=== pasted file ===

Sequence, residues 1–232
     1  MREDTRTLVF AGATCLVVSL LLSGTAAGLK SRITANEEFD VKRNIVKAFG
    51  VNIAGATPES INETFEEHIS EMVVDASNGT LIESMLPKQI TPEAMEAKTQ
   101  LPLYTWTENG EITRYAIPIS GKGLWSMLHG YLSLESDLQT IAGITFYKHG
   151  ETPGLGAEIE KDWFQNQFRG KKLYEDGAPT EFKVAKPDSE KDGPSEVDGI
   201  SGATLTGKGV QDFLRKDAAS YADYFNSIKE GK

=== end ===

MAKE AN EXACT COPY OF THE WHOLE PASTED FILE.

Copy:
Sequence, residues 1–232
     1  MREDTRTLVF AGATCLVVSL LLSGTAAGLK SRITANEEFD VKRNIVKAFG
    51  VNIAGATPES INETFEEHIS EMVVDASNGT LIESMLPKQI TPEAMEAKTQ
   101  LPLYTWTENG EITRYAIPIS GKGLWSMLHG YLSLESDLQT IAGITFYKHG
   151  ETPGLGAEIE KDWFQNQFRG KKLYEDGAPT EFKVAKPDSE KDGPSEVDGI
   201  SGATLTGKGV QDFLRKDAAS YADYFNSIKE GK